According to Whitehead (2010), “physical literacy” is an opportunity to generate significant benefits for both specific- and cross-domain learning. Here, we compared children with and without dance experience in visual and motor divergent thinking. Visual divergent thinking was measured by the completion of drawing task included in the battery of Torrance Test of Creative Thinking (Torrance, 1987). With respect to motor divergence, a motor task aimed at measuring the ability to produce different motor forms (e.g., the body posture that a football player takes while kicking the ball), rather than different actions per se (e.g., the action to kick the ball), was opportunely developed. We also assessed whether motor divergent thinking skills were mediated by body representation, which was tested by asking children to form the topological map of the body task (TMB; Daurat-Hmeljiak et al., 1978; Cannoni and Tega, 2009; Di Vita et al., 2019). The novelty of this study is two-fold: first, it explores the extent to which dance promotes motor and visual divergent thinking in children; second, it assesses if the topological map of the body mediates motor divergent thinking in dancer children.

Basing on previous findings, hypotheses were formulated as follows:

1. the dance background improves both visual (e.g., Fink et al., 2009; Fink and Woschnjak, 2011) and motor divergent thinking (domain-general hypothesis);

2. the dance background has a specific effect only on motor divergent thinking (e.g., Brennan, 1982; Stinson, 1993) (domain-specific hypothesis);

3. the ability to form the topological map of the body is better in dancers than non-dancers (e.g., Fonseca et al., 2012, 2014) on the basis of a better postural sensitivity and body awareness;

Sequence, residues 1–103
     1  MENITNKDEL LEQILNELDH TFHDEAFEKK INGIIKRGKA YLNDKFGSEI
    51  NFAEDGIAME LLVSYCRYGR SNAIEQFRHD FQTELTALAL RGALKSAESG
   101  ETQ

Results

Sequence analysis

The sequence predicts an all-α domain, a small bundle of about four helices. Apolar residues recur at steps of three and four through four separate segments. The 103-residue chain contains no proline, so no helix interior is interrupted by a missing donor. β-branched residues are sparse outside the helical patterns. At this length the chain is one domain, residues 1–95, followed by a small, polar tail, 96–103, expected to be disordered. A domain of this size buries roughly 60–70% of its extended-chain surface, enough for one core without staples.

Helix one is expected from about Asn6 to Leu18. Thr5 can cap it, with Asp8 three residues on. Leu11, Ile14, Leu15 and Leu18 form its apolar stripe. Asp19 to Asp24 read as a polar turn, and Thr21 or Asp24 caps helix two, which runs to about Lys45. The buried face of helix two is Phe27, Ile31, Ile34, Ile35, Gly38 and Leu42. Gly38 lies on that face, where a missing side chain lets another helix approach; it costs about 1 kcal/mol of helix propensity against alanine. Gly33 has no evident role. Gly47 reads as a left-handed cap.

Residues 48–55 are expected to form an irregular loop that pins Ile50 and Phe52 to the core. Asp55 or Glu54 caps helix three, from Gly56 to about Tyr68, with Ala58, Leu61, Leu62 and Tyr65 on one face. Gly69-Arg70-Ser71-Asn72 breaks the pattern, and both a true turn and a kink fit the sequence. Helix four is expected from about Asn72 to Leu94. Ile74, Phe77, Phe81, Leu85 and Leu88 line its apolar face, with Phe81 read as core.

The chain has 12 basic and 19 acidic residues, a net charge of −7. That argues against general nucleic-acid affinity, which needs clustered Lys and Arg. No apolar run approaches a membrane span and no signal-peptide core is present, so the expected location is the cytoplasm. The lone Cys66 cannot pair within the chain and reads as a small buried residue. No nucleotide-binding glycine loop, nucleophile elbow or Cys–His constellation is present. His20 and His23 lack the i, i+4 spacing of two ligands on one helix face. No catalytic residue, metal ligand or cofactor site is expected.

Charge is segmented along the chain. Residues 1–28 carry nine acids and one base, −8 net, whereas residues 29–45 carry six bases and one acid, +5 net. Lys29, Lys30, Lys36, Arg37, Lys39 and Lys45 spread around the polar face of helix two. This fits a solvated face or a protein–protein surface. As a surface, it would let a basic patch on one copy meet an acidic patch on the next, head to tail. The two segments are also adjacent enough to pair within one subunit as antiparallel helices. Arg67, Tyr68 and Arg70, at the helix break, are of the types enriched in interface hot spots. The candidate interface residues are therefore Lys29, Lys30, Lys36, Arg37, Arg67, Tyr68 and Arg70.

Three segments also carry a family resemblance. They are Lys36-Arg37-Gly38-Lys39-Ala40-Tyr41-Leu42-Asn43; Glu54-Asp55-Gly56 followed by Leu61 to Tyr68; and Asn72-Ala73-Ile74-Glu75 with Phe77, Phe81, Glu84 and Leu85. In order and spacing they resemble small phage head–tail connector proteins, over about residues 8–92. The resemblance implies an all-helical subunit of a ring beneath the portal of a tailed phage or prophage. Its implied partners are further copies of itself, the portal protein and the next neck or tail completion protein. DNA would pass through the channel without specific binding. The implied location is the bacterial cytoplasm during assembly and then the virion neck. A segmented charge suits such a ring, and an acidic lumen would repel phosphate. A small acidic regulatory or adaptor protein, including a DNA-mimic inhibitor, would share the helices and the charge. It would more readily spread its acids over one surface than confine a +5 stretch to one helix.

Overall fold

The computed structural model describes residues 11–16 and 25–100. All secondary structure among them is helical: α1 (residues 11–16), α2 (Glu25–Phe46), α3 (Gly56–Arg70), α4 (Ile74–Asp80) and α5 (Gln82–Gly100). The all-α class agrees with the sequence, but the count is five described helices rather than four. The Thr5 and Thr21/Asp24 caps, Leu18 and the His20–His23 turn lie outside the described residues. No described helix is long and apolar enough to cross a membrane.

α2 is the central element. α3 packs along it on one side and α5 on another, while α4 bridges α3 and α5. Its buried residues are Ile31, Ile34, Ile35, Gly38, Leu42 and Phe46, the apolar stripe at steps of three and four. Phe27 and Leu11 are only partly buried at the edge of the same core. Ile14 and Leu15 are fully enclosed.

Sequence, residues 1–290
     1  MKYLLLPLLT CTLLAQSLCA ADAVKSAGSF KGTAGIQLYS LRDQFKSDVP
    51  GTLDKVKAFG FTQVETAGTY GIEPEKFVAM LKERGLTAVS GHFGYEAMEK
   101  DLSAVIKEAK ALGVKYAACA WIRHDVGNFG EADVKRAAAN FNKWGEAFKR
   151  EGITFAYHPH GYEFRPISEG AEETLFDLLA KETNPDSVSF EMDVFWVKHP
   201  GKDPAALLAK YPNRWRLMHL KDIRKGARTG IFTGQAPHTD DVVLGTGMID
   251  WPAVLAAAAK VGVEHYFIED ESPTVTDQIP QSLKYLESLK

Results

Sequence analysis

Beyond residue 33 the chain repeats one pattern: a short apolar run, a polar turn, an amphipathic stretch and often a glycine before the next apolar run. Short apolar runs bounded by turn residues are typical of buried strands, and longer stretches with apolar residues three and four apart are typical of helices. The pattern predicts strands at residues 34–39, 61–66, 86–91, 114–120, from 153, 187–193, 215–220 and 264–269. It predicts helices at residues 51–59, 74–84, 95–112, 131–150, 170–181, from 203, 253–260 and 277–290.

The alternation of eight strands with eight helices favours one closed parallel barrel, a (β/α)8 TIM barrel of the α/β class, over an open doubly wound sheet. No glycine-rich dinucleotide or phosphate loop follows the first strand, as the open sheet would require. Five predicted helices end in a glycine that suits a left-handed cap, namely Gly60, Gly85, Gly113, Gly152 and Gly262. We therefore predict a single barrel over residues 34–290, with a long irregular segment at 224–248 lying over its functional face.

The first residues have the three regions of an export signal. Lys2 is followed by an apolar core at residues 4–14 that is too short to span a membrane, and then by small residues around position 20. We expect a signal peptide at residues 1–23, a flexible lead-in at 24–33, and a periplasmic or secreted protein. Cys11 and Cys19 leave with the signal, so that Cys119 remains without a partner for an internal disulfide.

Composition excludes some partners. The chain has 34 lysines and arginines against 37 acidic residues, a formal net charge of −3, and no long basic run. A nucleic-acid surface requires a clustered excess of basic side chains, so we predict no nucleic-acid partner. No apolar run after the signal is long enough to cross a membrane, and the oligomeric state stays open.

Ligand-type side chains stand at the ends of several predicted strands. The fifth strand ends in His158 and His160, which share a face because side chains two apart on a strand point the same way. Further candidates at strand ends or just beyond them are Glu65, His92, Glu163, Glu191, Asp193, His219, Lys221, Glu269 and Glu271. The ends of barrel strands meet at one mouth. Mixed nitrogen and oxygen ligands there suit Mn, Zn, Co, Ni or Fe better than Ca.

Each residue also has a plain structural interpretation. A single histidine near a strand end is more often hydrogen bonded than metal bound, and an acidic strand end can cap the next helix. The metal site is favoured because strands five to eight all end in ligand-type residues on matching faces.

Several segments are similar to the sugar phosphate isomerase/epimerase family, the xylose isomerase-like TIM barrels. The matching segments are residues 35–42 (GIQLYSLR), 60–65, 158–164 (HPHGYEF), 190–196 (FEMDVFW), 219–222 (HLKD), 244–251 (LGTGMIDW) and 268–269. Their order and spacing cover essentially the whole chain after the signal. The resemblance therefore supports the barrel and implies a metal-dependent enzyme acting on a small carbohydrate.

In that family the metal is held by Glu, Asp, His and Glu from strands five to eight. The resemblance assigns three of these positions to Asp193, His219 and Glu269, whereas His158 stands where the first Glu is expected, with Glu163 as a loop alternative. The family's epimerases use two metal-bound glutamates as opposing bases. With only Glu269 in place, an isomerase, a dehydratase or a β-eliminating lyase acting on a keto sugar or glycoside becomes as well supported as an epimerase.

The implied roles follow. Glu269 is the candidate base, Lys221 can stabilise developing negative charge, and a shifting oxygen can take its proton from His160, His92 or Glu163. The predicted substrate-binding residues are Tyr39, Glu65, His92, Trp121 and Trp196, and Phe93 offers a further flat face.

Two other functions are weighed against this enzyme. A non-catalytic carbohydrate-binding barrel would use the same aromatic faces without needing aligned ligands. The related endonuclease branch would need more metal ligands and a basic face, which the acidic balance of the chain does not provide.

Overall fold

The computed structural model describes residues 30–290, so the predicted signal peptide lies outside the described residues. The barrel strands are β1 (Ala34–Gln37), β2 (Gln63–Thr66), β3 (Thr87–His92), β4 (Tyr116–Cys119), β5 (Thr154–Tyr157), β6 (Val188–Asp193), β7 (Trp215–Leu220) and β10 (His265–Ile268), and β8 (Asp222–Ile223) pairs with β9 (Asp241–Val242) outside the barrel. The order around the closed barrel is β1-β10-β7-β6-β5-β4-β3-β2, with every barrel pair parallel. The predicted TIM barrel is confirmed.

4. the improvement in motor divergent thinking is mediated by the improvement in topological map of the body in dancers (mediation hypothesis).

Materials and Methods

Participants

A total of 58 children participated in this study (age range: 6–10 years). They were subdivided into two groups as follows: the experimental group was composed by 33 ballet dancers (22 girls and 11 boys; mean age = 8.4 S.D. ± 1.27; dance expertise in years = 2.94 S.D. ± 1.50) of the different gyms belonging to the amateur sportive association “The Starlight Company” located in Rome; the control group was composed by 25 non-dancers (11 girls and 14 boys; mean age = 7.92 S.D. ± 1.50) of the same gyms. The two groups did not differ in age (F(1,56) = 1.69, p = 0.19). The non-dancers practiced other types of physical activities (e.g., volleyball and football). All children were Italian native speakers and attended the primary school. Children with learning difficulties and other neurodevelopmental diseases were not included in the sample. As reported by parents during an informal interview, children had no primary visual or hearing impairments, no neurological conditions, and no emotional or behavioral problems. The study was approved by the Ethics Committee of University of L’Aquila in accordance with the Declaration of Helsinki. A signed informed consent was obtained from parents and an assent from each child.